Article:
Risk management effectiveness refers to the way you manage your business and any past loss history. If you have employee safety programs, routine continuing education, certified technicians, and consistently happy customers, your insurance company will provide you credits or discounts, further reducing your premiums. Your loss history plays an immense role in determining your insurance premiums. It shows how you approach your insurance and your quality of work.

Insurance is to be used for catastrophic losses that threaten the existence of your business. If small claims are filed throughout the insurance policy term for losses that could have been funded without the help of the insurance carrier, it makes it look like you have a long list of upset customers, which depicts you as risky to an insurance carrier. The more perceived risk, the higher the premium. Before filing a claim, I like to ask my clients, “Do you have a true claim for damages, or do you have an upset customer?” If it’s the latter, it may be best to try and remedy the situation without involving your insurance carrier. Of course, it always depends on the situation. However, how you handle these types of situations can impact whether your business is insurable or not. For more information on this, please reach out!

Services you provide are the final factor that insurance carriers look at to determine an appropriate premium. To an insurance carrier, asbestos abatement is a lot riskier than carpet cleaning. If a claim were to occur, the indemnity on an average asbestos claim would be much higher than on an average carpet cleaning claim. The more risk that is perceived by the insurance carrier, the higher the premium charged. In this case, they are worried about the severity of losses and less about frequency as we discussed in the previous paragraph.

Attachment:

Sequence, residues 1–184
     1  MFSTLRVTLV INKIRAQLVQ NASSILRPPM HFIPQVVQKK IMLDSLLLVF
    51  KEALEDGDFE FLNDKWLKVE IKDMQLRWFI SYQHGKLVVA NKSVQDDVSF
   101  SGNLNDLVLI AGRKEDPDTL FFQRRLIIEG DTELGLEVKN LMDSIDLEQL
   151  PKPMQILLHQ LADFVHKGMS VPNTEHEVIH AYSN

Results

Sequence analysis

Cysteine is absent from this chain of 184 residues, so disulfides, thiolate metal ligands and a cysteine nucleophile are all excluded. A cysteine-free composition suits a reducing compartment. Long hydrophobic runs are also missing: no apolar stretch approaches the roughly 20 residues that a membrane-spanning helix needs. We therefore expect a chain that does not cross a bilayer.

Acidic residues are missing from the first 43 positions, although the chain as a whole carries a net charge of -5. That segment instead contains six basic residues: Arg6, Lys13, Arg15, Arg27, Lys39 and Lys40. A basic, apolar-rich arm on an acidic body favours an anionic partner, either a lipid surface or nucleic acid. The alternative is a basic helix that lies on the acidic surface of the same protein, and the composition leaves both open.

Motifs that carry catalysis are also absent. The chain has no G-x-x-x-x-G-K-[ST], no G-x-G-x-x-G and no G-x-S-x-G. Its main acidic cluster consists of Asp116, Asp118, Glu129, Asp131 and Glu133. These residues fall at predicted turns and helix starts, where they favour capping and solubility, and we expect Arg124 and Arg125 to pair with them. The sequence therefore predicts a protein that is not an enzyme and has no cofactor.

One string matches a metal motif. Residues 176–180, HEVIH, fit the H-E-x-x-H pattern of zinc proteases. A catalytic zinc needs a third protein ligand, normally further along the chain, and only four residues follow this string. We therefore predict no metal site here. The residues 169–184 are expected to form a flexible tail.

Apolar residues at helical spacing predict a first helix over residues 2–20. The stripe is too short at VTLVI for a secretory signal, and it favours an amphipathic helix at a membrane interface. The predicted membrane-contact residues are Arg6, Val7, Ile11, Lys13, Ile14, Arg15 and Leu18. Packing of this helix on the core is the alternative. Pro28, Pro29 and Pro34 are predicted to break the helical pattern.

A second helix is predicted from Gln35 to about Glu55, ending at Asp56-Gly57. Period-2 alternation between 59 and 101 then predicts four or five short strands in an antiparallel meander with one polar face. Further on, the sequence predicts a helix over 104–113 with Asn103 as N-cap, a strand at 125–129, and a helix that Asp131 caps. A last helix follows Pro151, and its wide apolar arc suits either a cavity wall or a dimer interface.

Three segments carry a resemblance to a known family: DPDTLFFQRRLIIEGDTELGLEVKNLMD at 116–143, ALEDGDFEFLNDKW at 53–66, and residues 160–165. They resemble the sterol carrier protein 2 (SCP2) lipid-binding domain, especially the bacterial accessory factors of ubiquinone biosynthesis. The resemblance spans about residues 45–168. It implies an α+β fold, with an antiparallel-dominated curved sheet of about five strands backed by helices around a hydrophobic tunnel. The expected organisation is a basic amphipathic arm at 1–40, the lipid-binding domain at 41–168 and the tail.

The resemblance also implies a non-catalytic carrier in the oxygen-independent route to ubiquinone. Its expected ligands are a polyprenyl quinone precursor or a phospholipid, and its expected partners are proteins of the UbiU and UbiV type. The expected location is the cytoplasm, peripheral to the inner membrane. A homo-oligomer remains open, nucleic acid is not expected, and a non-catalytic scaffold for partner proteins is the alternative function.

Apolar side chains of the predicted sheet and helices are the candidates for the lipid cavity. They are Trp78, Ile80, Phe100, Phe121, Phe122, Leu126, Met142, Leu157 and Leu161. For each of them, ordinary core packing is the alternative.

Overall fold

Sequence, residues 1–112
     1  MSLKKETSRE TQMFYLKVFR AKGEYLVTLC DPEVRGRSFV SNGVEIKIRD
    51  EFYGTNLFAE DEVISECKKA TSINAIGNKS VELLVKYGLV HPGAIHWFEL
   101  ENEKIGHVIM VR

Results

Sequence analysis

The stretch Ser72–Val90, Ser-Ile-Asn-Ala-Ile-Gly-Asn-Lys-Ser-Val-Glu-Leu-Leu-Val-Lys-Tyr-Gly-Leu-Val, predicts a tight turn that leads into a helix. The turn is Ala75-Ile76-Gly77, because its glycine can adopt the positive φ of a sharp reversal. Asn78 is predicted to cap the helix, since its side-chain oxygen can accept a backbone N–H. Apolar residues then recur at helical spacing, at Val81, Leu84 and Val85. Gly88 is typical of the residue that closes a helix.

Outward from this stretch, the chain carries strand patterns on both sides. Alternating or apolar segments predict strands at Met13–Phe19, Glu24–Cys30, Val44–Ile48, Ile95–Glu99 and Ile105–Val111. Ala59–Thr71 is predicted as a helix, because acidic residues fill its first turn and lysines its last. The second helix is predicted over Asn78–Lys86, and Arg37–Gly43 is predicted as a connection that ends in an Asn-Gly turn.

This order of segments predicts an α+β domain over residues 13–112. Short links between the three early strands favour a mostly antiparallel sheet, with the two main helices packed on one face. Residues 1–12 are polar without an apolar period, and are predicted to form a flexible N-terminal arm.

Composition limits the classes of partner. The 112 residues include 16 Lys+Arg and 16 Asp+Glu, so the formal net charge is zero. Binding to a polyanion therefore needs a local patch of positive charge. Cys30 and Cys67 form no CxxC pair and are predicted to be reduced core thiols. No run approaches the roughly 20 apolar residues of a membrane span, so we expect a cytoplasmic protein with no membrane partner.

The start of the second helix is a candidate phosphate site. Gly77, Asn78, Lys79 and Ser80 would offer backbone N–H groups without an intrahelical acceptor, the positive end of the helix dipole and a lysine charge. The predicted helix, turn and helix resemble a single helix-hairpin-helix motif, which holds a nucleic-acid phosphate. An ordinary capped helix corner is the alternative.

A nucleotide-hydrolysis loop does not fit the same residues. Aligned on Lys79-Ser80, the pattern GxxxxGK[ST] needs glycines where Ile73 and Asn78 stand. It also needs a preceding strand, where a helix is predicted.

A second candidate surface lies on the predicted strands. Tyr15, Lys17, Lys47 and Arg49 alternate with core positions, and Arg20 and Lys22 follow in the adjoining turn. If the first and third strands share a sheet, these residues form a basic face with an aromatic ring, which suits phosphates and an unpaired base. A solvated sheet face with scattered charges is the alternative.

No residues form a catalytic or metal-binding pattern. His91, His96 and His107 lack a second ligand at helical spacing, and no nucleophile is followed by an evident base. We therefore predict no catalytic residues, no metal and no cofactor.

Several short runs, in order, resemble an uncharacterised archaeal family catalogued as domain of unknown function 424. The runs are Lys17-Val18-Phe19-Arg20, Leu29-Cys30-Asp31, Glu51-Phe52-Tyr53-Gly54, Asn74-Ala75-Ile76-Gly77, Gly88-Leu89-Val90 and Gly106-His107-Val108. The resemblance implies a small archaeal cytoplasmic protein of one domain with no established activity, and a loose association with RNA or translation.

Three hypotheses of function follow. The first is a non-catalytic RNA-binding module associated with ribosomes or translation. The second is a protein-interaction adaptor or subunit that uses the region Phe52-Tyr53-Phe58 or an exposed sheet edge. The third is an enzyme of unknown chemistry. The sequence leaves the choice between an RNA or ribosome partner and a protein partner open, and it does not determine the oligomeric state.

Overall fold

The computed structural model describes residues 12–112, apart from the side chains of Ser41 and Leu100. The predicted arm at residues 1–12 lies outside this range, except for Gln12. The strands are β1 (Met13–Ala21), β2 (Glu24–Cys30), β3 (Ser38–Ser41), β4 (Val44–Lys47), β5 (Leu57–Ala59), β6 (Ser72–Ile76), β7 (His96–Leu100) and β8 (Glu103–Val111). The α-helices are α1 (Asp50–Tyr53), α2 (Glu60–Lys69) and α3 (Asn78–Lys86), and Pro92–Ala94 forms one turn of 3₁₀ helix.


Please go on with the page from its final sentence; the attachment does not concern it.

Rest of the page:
Every business is unique in each of the four main drivers of insurance premiums. It would be impossible to give a blanket answer to the question of what drives your specific insurance premiums, but your agent should be sharing with you what is driving the premium charged for your business. If you feel that there is something incorrect in the determination of your premiums (not simply that you want to pay less), I highly encourage you to reach out to your insurance professional and share your concerns.

If you have any questions, feel free to reach out or leave a comment below!

Until next time,

Kari Dybdahl


Kari Dybdahl has a decade of experience in the environmental insurance industry assisting clients from carpet cleaners to municipalities. She has received multiple awards and recognition for her work placing compliant insurance for Crawford Contractor Connection members, ICRA members, and many others. Dybdahl designs custom insurance programs alongside Dave Dybdahl. Please reach out to Kari A. Dybdahl with any questions at 608-824-3341 or kari@armr.net.